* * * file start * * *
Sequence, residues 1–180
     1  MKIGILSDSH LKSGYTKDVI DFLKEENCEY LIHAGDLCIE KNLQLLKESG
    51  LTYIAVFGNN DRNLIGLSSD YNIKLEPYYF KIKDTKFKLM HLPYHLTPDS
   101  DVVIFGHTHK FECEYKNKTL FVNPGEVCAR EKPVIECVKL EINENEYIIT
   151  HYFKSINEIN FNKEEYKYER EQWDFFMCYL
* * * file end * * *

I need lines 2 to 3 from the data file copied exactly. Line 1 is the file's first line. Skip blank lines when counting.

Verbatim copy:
     1  MKIGILSDSH LKSGYTKDVI DFLKEENCEY LIHAGDLCIE KNLQLLKESG
    51  LTYIAVFGNN DRNLIGLSSD YNIKLEPYYF KIKDTKFKLM HLPYHLTPDS